Toddler finds hope in rare surgery
A Dublin family's lengthy struggle to secure a healthy future for their 18-month-old ailing daughter suffering from esophageal atresia - a rare disorder in which her esophagus is too short to reach her stomach - finally reaches a happy end.
Last modified: 16 May 2012 08:45
When I first met 18-month-old Elie Madden she was nearing the end of a medical journey that brought her and her family from Ireland to Boston. Physically and emotionally, this was a trip of epic proportions.
Elie was born with nearly six centimetres of her esophagus missing. That's right. Not there. She couldn't eat, drink or breathe on her own.
Doctors in Dublin, and truthfully, most doctors around the world couldn't help her in a way that would make her free of sickness, surgeries and complications that would likely end her life much too soon. But Elie's parents, Eddie and Esti, were determined.
Eddie told me that no matter what, they were going to do the best they could for their daughter and in the end, if things didn't go their way, they would know in their hearts - and Elie would know too - that they did everything they could.
The family petitioned the Irish government to bring them and their little daughter to the states, specifically to Boston Children's Hospital.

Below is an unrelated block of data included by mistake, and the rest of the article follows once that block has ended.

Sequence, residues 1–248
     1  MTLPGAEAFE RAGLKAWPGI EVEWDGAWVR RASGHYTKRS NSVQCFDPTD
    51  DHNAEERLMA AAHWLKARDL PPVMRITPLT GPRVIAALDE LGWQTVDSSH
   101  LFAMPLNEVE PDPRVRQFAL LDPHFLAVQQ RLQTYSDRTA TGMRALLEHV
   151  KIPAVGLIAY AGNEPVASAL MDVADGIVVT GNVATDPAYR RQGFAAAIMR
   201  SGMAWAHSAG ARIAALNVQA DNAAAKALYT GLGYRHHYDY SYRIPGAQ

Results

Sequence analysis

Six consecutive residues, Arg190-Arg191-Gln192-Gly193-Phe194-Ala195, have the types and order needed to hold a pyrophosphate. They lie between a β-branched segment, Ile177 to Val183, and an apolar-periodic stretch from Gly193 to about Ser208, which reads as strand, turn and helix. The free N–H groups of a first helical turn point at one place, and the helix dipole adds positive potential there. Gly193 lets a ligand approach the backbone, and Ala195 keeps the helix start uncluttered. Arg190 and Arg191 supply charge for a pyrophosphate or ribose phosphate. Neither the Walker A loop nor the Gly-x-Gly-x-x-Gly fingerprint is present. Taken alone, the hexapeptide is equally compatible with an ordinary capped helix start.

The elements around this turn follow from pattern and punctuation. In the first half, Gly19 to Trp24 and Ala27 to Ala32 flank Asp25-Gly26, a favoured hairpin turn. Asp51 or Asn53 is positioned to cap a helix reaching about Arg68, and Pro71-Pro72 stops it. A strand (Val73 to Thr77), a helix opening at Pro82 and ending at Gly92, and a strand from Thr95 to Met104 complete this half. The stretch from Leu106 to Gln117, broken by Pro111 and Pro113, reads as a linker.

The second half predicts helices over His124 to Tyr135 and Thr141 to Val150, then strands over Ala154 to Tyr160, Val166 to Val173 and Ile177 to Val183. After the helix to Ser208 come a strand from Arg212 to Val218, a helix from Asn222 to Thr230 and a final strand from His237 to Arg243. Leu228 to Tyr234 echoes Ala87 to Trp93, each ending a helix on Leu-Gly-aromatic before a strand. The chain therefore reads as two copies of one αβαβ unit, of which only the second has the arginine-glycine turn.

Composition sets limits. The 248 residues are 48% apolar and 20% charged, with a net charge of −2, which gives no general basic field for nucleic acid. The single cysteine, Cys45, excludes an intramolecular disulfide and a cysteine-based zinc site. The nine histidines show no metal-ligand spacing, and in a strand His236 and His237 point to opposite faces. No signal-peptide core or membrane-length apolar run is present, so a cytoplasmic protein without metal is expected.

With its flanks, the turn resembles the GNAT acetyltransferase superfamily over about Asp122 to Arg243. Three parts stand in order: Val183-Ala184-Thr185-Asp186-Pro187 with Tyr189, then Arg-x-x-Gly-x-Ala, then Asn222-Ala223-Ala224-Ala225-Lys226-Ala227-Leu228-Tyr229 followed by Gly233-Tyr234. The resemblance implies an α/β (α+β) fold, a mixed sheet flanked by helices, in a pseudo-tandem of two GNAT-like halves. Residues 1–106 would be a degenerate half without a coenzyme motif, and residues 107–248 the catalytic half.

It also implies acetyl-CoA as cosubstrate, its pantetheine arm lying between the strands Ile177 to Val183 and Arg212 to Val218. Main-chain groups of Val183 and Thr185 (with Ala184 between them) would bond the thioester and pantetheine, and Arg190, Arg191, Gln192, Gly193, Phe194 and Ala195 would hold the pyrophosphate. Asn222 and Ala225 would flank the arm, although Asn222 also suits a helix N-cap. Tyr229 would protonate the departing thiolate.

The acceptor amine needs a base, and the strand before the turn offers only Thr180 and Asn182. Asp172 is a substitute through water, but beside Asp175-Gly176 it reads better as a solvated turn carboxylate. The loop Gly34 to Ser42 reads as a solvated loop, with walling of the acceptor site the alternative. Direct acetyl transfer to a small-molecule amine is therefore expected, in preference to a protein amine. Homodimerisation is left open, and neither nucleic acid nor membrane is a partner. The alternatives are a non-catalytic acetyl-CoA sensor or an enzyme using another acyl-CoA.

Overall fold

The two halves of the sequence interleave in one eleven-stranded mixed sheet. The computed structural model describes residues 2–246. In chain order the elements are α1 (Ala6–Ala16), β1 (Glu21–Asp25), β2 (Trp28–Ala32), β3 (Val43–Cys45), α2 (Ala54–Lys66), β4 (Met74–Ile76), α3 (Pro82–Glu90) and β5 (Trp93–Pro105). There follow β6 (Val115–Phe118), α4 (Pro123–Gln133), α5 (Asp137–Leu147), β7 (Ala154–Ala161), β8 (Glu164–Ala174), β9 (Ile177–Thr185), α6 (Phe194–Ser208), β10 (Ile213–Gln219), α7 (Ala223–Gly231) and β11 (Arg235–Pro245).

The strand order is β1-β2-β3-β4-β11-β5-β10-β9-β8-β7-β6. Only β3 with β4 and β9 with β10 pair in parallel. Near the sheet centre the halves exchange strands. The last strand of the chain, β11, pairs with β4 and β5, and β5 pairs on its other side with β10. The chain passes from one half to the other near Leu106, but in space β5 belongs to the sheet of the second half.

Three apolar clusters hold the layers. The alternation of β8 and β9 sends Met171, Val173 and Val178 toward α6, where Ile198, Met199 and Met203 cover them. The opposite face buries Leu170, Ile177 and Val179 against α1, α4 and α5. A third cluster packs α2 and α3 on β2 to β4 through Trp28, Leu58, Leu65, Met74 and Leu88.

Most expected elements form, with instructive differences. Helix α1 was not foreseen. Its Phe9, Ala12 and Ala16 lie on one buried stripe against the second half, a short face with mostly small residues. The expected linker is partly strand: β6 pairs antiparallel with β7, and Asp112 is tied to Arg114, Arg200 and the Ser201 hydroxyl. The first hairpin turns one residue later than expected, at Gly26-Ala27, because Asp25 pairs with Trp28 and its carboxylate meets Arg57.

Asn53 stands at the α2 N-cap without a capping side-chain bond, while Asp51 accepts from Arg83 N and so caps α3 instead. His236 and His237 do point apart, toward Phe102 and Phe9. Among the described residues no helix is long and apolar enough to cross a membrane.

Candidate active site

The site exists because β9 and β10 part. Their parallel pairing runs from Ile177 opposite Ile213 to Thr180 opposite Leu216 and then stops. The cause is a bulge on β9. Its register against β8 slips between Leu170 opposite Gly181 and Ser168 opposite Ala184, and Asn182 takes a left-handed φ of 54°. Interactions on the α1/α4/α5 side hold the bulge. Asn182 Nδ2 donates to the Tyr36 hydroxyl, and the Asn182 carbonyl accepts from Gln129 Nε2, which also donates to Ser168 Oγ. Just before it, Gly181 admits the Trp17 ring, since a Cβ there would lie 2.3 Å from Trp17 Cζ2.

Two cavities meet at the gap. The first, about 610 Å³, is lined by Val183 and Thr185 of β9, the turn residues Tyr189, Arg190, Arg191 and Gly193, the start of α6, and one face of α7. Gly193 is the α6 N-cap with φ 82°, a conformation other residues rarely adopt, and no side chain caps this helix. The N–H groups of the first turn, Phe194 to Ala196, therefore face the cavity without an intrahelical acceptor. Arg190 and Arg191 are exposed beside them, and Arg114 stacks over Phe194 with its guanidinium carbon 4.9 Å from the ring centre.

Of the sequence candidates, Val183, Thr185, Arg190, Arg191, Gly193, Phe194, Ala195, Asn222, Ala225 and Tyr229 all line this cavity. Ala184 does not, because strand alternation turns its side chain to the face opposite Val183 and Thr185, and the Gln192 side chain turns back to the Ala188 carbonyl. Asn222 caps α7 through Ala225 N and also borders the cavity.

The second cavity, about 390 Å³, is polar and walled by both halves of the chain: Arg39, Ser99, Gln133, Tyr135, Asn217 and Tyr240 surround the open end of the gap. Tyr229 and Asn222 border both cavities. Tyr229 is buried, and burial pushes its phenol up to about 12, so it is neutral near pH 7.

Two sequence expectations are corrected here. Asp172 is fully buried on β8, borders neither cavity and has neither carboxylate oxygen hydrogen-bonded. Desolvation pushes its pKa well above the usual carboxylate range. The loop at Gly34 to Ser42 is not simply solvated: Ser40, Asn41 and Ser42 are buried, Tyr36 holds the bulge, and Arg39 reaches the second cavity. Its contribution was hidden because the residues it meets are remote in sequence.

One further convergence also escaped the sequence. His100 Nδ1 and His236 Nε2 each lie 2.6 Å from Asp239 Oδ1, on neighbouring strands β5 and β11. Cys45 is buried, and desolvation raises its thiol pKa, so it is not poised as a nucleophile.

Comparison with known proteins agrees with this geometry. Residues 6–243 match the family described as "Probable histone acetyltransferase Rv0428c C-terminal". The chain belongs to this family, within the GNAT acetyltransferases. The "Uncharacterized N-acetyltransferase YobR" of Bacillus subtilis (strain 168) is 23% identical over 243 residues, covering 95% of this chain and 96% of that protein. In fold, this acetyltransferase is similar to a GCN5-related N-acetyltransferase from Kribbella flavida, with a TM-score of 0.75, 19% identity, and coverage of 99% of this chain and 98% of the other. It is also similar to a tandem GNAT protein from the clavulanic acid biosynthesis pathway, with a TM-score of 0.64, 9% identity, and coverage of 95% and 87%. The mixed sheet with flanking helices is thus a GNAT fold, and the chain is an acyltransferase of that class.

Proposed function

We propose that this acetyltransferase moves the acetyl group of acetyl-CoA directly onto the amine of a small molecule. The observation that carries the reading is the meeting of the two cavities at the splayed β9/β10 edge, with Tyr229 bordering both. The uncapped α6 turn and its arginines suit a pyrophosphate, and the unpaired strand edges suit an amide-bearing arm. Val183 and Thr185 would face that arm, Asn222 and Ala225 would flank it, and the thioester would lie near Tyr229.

It is there that two of only a handful of surgeons in the world have had the most success fixing Elie's condition. For the first time in the history of Ireland, the government's official jet was used to transport a family for a medical emergency.
Friends and strangers rallied around them. They hosted fund raisers, held events and started a website ... all to raise money and emotional support for the Madden's. Elie's story is emotional, personal and inspiring. The Maddens are now using their experience and the personal video and photo journal they created along the way, to give other families hope.
I was there with them the day they checked out of the hospital, five months after arriving. And as they left, another family from Ireland arrived with a son who had the same condition as Elie. The little boy would have the same surgeon, same nurses and same treatment.
And thankfully, the same hope.